For a group of artists who have never before worked with stone, the task was daunting: take a class in sculpture. Produce a work of art in a week. And while you’re at it, let tourists watch.
That was the scene this week at the Alaska Native Heritage Center, where five young Native artists were paired up with two seasoned carvers, Larry Ahvakana and Patrick Stone.
Both artists bring decades of experience. Ahvakana, an Inupiat raised in Barrow’s whaling culture, has received international recognition for his sculpture. Stone, who is based in New Mexico, is well known in the Southwest for his abstract shapes.
“Oh, they’re just taking right off,” says Stone with an air of pride in his protégés. “There are professional artists out there, who have been working for a decade, who aren’t using these techniques. And these guys didn’t know any better than to just go with it.”
The week-long workshop is a partnership between the Alaska Native Arts Foundation and the Heritage Center. It’s just the kind of opportunity that Ahvakana and Stone would have liked to have had, when they were just starting out – an artist-to-artist experience that brings mentorship and a chance to form lasting friendships. After the completing the class, the artists will be able to keep most of the tools, which are expensive and not what a beginning carver would be able to afford.
And while these artists are new to carving, they are not new to art.
Robin Lovelace-Smith, a Tlingit from Sitka, brought one of her masks with her – a guardian spirit, fashioned out of gleaming steel. Although this tradition was once silenced, Lovelace-Smith’s mastery of metal speaks volumes about her passion for culture.
Under a large tent on the Heritage Center campus, she works at what looks like a crescent moon.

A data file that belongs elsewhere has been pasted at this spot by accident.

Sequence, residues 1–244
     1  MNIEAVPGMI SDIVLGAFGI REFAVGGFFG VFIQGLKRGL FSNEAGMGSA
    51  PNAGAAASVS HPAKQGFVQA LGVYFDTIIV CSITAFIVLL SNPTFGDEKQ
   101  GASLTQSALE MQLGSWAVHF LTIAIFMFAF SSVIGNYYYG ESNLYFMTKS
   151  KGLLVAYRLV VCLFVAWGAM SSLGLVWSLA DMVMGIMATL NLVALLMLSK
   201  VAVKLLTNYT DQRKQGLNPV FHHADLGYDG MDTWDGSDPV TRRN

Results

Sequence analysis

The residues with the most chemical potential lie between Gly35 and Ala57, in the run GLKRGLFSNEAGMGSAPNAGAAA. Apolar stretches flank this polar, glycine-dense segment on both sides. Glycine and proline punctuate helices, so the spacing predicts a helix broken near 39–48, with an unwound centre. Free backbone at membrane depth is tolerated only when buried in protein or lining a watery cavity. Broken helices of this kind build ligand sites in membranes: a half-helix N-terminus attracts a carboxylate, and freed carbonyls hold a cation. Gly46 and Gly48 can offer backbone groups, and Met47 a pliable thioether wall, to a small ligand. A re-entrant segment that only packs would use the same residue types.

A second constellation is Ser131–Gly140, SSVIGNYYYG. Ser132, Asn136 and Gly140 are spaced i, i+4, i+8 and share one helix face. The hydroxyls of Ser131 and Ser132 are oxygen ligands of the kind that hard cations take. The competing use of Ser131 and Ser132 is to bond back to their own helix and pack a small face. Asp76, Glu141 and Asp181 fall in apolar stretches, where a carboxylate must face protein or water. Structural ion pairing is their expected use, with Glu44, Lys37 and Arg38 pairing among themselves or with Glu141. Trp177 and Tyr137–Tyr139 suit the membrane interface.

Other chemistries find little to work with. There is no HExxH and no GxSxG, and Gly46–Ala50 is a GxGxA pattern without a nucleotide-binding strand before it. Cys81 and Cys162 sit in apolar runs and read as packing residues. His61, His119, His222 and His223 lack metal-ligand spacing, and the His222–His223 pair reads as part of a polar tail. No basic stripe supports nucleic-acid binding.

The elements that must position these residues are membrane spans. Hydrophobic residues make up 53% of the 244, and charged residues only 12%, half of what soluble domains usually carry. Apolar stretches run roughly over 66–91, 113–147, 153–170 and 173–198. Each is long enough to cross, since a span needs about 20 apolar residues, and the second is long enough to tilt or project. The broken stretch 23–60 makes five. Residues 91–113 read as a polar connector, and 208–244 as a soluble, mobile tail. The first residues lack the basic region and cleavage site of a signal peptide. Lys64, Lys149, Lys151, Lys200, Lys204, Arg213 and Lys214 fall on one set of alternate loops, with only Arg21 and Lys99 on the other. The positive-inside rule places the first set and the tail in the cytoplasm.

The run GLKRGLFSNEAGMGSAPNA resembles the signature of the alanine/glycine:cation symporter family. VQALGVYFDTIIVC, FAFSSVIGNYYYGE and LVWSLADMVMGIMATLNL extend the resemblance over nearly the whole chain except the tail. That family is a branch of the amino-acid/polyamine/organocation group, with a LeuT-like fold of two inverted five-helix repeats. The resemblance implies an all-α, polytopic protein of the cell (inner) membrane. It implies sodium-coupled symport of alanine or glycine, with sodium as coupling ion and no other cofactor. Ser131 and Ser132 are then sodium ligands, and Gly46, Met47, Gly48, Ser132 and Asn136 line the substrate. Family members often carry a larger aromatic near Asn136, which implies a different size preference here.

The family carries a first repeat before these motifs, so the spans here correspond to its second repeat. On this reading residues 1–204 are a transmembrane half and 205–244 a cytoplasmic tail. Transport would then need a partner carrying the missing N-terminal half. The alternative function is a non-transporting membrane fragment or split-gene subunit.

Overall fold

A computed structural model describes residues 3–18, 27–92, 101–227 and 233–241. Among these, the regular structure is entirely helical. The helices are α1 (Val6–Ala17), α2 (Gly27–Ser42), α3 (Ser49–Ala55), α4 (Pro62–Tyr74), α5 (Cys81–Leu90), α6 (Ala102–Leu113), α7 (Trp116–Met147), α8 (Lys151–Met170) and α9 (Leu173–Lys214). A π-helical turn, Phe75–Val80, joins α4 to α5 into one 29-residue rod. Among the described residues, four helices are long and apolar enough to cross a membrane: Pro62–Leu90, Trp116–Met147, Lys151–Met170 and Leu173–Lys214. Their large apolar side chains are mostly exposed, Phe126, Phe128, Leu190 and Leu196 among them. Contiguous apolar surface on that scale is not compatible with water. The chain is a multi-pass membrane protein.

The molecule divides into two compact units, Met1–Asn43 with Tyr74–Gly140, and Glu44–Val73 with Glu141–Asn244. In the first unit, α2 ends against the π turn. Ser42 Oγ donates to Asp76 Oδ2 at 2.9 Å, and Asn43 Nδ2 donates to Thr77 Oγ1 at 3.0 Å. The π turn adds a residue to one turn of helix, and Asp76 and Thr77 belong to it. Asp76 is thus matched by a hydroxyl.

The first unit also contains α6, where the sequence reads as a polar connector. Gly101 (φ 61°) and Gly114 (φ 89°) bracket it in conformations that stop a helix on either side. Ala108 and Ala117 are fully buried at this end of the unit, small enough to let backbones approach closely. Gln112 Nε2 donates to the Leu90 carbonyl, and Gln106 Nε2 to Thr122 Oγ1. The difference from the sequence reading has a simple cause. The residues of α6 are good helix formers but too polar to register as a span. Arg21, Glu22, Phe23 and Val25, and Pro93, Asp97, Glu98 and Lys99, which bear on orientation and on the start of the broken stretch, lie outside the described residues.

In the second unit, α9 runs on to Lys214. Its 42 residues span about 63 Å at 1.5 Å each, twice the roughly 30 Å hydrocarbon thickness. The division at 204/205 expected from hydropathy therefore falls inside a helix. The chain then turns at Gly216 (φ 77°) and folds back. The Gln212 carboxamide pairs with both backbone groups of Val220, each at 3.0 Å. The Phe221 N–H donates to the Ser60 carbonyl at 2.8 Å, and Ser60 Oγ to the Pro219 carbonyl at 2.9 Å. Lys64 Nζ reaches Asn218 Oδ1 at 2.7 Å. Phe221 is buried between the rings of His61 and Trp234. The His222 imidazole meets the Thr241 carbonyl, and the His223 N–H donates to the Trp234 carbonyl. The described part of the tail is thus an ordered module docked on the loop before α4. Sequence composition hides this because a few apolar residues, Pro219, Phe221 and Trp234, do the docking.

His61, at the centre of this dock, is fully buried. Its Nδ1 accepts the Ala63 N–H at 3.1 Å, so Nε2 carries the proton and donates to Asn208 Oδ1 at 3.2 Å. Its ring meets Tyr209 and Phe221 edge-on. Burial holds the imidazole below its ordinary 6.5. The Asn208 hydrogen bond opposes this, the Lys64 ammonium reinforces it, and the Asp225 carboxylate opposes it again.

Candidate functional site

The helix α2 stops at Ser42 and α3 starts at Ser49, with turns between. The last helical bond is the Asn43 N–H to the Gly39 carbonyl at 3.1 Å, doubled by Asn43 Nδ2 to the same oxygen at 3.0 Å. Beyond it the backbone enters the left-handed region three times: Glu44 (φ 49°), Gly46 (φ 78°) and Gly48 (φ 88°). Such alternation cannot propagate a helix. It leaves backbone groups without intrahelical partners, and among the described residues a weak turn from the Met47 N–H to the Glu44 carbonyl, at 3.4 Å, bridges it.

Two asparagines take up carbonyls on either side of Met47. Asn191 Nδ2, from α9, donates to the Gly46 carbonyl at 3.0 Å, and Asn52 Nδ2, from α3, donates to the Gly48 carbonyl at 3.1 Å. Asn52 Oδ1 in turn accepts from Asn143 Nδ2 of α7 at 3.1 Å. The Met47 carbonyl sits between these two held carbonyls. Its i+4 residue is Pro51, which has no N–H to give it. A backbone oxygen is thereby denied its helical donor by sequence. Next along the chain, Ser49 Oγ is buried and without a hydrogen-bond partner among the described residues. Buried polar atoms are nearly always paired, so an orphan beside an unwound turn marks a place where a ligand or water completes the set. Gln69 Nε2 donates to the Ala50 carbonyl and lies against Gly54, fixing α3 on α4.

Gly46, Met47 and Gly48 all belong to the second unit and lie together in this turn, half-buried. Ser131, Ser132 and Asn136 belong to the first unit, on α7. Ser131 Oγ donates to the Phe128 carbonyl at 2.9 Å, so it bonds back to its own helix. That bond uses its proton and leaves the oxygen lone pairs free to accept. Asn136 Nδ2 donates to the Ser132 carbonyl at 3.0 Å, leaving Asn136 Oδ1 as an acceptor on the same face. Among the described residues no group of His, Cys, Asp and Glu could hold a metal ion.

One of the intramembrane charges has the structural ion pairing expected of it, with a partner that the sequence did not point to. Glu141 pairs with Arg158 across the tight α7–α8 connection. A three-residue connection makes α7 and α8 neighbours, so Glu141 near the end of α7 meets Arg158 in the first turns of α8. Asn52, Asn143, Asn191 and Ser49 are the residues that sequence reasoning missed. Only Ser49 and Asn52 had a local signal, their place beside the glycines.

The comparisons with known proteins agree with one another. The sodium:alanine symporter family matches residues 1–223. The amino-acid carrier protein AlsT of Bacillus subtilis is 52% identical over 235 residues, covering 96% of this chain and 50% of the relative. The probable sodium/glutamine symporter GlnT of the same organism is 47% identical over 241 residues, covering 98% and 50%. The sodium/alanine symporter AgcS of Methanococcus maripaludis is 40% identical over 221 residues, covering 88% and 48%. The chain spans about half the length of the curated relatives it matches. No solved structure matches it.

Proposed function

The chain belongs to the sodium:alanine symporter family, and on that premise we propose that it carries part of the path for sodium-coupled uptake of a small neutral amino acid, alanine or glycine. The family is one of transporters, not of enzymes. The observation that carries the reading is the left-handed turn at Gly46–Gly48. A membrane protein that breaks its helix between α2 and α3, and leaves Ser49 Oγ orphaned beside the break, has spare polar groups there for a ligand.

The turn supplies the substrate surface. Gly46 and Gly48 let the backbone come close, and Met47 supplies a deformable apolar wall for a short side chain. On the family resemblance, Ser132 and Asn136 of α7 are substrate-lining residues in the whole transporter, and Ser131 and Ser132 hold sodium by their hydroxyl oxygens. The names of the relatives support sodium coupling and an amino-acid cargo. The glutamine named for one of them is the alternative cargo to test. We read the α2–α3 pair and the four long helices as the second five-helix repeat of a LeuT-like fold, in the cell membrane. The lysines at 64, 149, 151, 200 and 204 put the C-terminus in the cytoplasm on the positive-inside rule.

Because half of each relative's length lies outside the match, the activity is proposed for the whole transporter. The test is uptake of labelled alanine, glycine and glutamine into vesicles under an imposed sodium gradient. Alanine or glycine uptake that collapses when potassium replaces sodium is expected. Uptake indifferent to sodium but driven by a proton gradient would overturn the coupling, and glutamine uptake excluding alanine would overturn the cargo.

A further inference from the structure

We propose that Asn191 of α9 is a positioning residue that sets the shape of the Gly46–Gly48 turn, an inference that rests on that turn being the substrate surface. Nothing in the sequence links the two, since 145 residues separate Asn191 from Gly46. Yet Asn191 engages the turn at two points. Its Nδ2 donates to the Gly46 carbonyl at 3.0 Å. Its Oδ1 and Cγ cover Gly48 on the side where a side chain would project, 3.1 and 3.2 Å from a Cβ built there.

“It’s a hand hammer. Otherwise known as a stone maul,” said Lovelace-Smith, who draws inspiration from ancient stone tools. “The bottom is like the head of a hammer.” She marvels at how her ancestors were able to fashion stone implements without today’s modern tools.
Ahvakana appreciates his tools. “Using power tools help to establish the idea right away. People get discouraged, because they can’t move fast enough,” he said.
Although Ahvakana is in the teacher role, he is also working alongside his students. He is carving an Ainu elder out of grey limestone. The Ainu are known as the “First People of Japan,” eventually assimilated by the Japanese who came thousands of years later.
“They’re pretty tribal people. I like their traditional ways,” said Ahvakana. “I kind of empathize with people that hold onto their traditions.”
While most of Ahvakana’s work has focused on traditional Inupiat culture, his approach is thoroughly modern. One of his goals for the workshop: to teach the students about the relationship between culture and art through example.
“Culture changes,” he says. “That is growth. That is something that changes your ideas. That beautifies the culture, instead of stagnating in a box.”
Drew Michael, a mask carver of Yup’ik and Inupiat heritage, says he was afraid of stagnating – which is why he applied for the workshop.
He works with wood and currently has masks on exhibit at the Anchorage museum. One represents the spirit of fire and has hair made of flames.
His stone carving has a little man embedded in it.
“Everybody has a soul,” says Michael. “And sometimes I like to represent and think about myself as a little person inside of me that’s trying to get out.”
For now, Michael is trying to free his little man from limestone. He also wrestles with the working in an art form that’s in the round.
“I’ve had to focus on a view from the top,” said Michael. “And from the back. From the side. Usually, I just focus on the front.”
Michael was adopted at birth and has lived much of his life removed from his culture. His art, like his spirit mask with flames, has sparked a search for identity. And this week, he is burning with excitement about this new challenge.